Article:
Sir David Adjaye OBE (b. 1966) is one of the most important architects working today. He is recognised for landmark projects around the world – including the National Museum of African American History and Culture in Washington D.C. Recently, Adjaye was announced as the recipient of the 2021 Royal Gold Medal for Architecture – the UK’s highest honour in the field. The accolade recognises a body of work spanning over 25 years. But where did it all begin? A new publication from Thames & Hudson charts Adjaye’s early years in practice, spanning 1995-2007.
The Ghanaian-British architect founded Adjaye Associates in 2000. “What strikes me about this time is the sense of urgency we had,” he remembers in the foreword to Works 1995-2007. “The need to experiment with the typologies and built fabric we were offered.” An ingenious use of materials and visionary designs has continued to set Adjaye apart as one of the leading names of his generation – from Elektra House, his first new-build, to current projects such as the National Cathedral of Ghana. Amongst his influences are “contemporary art, music and science to African art forms and the civic life of cities.” The results are visually striking and socially engaged, changing the face of our built world.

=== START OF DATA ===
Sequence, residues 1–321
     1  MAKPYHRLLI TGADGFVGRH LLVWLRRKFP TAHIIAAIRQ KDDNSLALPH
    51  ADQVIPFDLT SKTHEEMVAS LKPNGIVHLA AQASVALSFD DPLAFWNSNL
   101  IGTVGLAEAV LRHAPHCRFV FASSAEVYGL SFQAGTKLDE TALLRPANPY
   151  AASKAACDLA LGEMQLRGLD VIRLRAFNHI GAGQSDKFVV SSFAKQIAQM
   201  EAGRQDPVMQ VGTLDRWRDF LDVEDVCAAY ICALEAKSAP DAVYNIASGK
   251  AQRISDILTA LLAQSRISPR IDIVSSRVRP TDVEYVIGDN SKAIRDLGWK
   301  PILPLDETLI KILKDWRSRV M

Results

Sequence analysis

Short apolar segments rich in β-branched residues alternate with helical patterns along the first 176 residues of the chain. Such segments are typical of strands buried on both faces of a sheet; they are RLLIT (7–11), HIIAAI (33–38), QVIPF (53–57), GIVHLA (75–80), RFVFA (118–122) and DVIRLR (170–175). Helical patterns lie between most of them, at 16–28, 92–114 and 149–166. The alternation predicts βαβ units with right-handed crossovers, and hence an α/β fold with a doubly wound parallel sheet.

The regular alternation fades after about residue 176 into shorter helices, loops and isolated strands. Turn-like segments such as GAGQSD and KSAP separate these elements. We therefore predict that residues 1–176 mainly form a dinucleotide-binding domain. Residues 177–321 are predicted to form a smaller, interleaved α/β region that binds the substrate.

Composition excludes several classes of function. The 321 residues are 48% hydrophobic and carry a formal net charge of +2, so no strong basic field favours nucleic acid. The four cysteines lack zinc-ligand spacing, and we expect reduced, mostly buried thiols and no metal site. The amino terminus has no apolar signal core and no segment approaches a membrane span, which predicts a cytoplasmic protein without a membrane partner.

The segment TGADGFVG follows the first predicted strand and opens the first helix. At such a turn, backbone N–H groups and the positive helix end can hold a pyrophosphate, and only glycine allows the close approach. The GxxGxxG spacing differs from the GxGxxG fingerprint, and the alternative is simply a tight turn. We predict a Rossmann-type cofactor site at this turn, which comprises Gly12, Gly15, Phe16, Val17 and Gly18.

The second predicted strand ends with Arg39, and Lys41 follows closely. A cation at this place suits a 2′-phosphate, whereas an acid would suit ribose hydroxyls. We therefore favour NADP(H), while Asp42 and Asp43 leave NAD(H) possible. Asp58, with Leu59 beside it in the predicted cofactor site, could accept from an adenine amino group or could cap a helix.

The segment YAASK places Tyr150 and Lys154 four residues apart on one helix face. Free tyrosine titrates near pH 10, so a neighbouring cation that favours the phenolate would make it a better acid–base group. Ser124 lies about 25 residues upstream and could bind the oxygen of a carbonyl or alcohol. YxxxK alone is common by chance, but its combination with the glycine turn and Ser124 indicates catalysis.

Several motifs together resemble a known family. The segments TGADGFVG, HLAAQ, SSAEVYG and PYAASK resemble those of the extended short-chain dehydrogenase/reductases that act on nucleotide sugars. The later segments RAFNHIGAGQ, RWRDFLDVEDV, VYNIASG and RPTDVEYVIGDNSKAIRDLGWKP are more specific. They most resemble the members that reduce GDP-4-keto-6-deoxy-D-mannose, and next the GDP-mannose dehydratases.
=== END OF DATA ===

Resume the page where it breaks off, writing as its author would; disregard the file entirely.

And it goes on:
This publication presents bold images, new analyses and archival material relating to structures across London, Venice, Oslo and New York. Many of them are tied to a sense of community. Featured below is the Stephen Lawrence Centre. It was built in memory of Stephen Lawrence, who was tragically murdered in a racist attack at the age of 18 in 1993. It offers support to young people who, like Stephen, wish to study architecture. The image shown here highlights a screen-like window by artist Chris Ofili (b. 1968). The sun projects his design onto the red walls. It’s a powerful example of how art, architecture and memory merge in Adjaye’s work.
In 2019, Making Memory opened at London’s Design Museum. The exhibition presented a selection of Adjaye’s projects, asking the questions: How can a building shape our perception of events – and how can architecture, rather than words, be used to tell stories? These are ideas that have been at the heart of Adjaye’s practice from the beginning. “We realised that there are latent memories in buildings,” he notes. “By working with them we could construct new images and spaces that would resonate with the future.” The structures presented here are not only about looking back, but moving forward.
Published in November 2020 by Thames and Hudson.
Lead image: © Lyndon Douglas. Stephen Lawrence Centre, London, UK, 2004-7
1. © Cameraphoto Arte,/ TBA-21 Your Black Horizon, Venice, Italy, 2004-5.
2. Image © Tim Soar. Idea Store Chrisp Street, London, UK, 2000-4
3. © James Wang. Pitch Black, New York, USA, 2002-6